George Barnes' Greatest Gardens
Week 1, Alhambra Garden, Roundhay Park, Leeds
Weather – Sunny and Hot
I have always been aware of Roundhay Park, in fact, my first memory is of the words “Michael Jackson Roundhay Park 1988” which was carved by a crazed fan into one of the wooden café tables, I must have only been six years old at the time, but that memory has always stuck. I might just add, I wasn’t actually at the concert at the age of six, I was tall for my age but that would have been pushing it! I must have gone with my parents in the weeks following “MJ’s” big appearance.
Anyway, since then, I have returned to the park on a number of occasions (That sound quite sinister) to walk the dog (That sounds even worse!). No honestly, the park does offer first class dog walking facilities.
I was always happy with what the park had to offer; wide open spaces, well maintained grass and above all else, a feeling that this park was being used, but little did I know that I was merely scratching at its surface! (Not literally, that could have been classed as petty vandalism).
Whilst doing a bit of landscape design work, I was fortunate enough to spend a morning in the park, and it was at this time that I realised what I had been missing out on. Having been shown through the park by a knowledgeable local, I stopped in amazement as I laid eyes on the Alhambra Garden which is tucked away in a small corner of the park, partially flanked by tall manicured hedges. When I say I couldn’t believe it, I mean it. Maybe it was because the sun was shining and the air was warm, but I felt like I had been transported to a garden in the grounds of a 16th century villa on the shores of Lake Como. Obviously I hadn’t, but that’s what it felt like. I had to stop myself from greeting people in Italian, actually, on one occasion, if I had, I would have got away with it, as I saw someone from my local pizzeria and I think he would have appreciated my attempt at Euro integration.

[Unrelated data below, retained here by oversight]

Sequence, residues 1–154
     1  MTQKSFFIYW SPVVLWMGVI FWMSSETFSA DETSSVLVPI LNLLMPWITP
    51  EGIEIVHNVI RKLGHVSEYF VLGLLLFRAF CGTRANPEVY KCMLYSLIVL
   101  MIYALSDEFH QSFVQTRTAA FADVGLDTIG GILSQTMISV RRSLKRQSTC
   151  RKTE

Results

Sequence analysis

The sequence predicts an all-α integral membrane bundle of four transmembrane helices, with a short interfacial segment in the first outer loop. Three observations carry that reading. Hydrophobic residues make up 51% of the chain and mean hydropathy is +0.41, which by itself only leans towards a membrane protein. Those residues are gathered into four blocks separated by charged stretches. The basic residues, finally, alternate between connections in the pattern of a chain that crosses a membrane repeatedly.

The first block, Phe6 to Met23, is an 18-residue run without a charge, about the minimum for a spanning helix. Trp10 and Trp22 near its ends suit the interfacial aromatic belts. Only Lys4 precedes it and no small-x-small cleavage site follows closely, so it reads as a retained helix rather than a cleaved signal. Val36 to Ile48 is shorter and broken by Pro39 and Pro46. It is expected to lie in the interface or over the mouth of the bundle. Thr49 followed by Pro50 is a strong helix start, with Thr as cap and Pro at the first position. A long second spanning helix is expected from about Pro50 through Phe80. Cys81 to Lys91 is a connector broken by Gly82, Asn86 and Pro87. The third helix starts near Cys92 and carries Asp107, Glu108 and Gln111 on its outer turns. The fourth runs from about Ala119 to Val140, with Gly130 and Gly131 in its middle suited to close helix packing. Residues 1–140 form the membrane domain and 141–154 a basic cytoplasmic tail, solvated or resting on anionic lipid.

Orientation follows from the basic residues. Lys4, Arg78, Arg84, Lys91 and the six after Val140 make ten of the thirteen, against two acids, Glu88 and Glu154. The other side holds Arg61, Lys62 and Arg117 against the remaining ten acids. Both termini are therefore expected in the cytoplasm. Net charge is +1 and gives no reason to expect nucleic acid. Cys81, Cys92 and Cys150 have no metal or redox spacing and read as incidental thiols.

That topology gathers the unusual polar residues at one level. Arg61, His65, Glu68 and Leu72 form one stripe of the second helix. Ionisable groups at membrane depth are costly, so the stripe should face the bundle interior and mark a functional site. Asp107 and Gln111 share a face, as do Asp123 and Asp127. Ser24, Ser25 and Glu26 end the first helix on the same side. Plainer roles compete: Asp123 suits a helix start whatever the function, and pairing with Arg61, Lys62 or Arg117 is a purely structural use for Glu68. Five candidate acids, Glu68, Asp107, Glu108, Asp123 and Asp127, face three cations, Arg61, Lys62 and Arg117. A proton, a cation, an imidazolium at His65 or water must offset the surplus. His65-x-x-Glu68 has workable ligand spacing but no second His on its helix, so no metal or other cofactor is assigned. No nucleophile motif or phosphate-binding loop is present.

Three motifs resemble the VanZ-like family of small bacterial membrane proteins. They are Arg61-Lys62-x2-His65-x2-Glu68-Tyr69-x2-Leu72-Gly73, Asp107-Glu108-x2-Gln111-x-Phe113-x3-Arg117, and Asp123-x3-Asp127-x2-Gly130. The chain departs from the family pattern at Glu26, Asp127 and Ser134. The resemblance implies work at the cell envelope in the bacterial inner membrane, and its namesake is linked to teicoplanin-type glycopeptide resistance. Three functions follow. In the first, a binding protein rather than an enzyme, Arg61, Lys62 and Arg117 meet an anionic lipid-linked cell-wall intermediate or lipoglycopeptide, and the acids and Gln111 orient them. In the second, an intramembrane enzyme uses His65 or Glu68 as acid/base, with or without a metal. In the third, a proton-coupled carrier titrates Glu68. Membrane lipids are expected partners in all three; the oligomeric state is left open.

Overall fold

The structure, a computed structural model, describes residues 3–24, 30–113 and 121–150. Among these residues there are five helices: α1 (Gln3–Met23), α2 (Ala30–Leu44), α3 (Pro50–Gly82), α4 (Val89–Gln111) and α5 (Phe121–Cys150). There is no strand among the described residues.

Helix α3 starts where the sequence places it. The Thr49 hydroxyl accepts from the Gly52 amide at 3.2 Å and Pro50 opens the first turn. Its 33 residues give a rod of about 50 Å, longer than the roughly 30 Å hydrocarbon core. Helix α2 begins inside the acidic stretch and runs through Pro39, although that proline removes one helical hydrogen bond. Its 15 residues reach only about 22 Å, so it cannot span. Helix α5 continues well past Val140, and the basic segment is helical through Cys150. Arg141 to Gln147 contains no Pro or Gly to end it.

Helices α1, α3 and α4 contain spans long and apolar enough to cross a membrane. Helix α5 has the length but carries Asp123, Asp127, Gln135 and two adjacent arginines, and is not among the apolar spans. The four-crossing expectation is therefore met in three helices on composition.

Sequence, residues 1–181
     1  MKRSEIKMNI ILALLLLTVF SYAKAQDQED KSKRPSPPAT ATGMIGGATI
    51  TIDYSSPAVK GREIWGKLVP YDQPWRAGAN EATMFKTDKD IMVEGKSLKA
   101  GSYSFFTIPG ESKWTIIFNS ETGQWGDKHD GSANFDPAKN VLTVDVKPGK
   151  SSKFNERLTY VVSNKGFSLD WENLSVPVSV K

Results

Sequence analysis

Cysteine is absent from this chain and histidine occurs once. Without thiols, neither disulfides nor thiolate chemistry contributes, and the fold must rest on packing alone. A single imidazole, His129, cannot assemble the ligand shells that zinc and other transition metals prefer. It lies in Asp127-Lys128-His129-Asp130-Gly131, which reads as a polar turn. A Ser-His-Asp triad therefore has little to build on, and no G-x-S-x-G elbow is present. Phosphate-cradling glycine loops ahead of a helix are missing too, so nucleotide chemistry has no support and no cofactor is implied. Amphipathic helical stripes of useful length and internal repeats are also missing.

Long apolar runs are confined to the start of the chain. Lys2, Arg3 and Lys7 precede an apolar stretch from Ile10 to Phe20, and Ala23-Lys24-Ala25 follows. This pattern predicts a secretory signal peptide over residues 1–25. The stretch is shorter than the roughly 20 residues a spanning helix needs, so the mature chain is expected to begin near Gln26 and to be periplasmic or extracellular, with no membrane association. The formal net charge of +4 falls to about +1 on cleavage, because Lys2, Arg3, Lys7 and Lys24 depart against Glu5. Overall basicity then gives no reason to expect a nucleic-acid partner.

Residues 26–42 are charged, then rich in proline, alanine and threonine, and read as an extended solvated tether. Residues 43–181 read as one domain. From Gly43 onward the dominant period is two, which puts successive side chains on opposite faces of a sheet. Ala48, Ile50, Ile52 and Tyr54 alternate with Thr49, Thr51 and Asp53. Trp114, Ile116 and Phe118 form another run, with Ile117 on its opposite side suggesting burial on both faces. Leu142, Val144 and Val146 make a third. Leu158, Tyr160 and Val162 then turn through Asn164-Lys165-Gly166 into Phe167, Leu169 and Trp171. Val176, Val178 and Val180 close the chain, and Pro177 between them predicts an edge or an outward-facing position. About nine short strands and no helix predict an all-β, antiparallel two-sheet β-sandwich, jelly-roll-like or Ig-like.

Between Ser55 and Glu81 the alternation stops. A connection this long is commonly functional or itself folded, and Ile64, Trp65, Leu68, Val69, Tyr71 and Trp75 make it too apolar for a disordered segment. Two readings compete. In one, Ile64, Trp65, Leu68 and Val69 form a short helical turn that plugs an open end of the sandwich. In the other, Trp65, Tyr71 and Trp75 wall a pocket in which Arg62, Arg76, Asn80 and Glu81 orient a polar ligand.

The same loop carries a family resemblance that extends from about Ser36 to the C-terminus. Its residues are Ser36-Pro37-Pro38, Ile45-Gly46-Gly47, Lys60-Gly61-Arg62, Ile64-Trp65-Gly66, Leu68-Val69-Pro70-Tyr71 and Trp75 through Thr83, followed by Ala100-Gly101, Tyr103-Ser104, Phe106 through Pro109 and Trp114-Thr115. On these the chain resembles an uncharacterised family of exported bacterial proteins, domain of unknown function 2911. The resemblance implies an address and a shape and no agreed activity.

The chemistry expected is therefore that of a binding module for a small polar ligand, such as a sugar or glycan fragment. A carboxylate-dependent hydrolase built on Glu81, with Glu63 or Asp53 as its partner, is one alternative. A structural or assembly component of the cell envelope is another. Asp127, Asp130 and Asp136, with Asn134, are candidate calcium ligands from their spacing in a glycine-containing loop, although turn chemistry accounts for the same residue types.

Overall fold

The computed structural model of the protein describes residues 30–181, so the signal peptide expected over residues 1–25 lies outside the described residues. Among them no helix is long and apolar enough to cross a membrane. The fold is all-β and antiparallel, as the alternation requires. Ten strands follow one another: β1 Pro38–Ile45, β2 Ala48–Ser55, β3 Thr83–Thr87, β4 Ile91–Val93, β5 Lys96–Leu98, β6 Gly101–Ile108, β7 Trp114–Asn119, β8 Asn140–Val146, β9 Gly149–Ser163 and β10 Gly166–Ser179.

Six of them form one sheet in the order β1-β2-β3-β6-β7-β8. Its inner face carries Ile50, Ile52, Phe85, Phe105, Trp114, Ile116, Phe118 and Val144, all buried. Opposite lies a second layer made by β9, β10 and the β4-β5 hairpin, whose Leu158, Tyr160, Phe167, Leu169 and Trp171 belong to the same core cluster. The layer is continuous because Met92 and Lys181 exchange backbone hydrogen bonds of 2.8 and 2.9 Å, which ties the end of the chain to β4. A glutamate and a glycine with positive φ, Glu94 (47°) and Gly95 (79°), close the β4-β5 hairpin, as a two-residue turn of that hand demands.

Once inside the boundary hedges, one by one your senses become activated; the vibrant colours come first with the unmistakable sound of water on water from the dancing fountains snapping at its heals and then finally, the scent of a thousand flower heads fill the nostrils and reminds you of the intensity of nature’s perfume.
For those of you who are wondering if I activated the last sense, taste, well I did, but that was with a generous helping of carrot cake in the garden café, first class!
As with all successful gardens, a rich palette of textures which complement each other seamlessly, offer the visitor a truly calming experience. For me, as I’m a die-hard paving fan, the combination of terracotta tiles and traditional Spanish ceramic tile tacos, really stood out and provided a subtle stage on which the planting could really shine. And then of course, we have the water. A long thin channel which stretches the length of the garden creates an amazing centrepiece and with the water being circulated by the many fountains, you get a sense that the garden is constantly evolving.
Deceptively, the Alhambra Garden echoes all the design features of a 13th century palace, but it is only a mere 14 years old. The garden was added to the park in 1999 and has been designed to replicate the gardens at the Alhambra Palace in Granada, Spain. This is where the more observant of you will point out my lack of culture and laugh at the fact that I thought the garden reminded me of Italy!! Well it did ok!
Of course, the Alhambra Garden makes up just a tiny proportion of Roundhay Park and to talk about every section would take far too long for this post. So I urge you to take a visit if you’re in the area and furthermore, I would definitely recommend that yo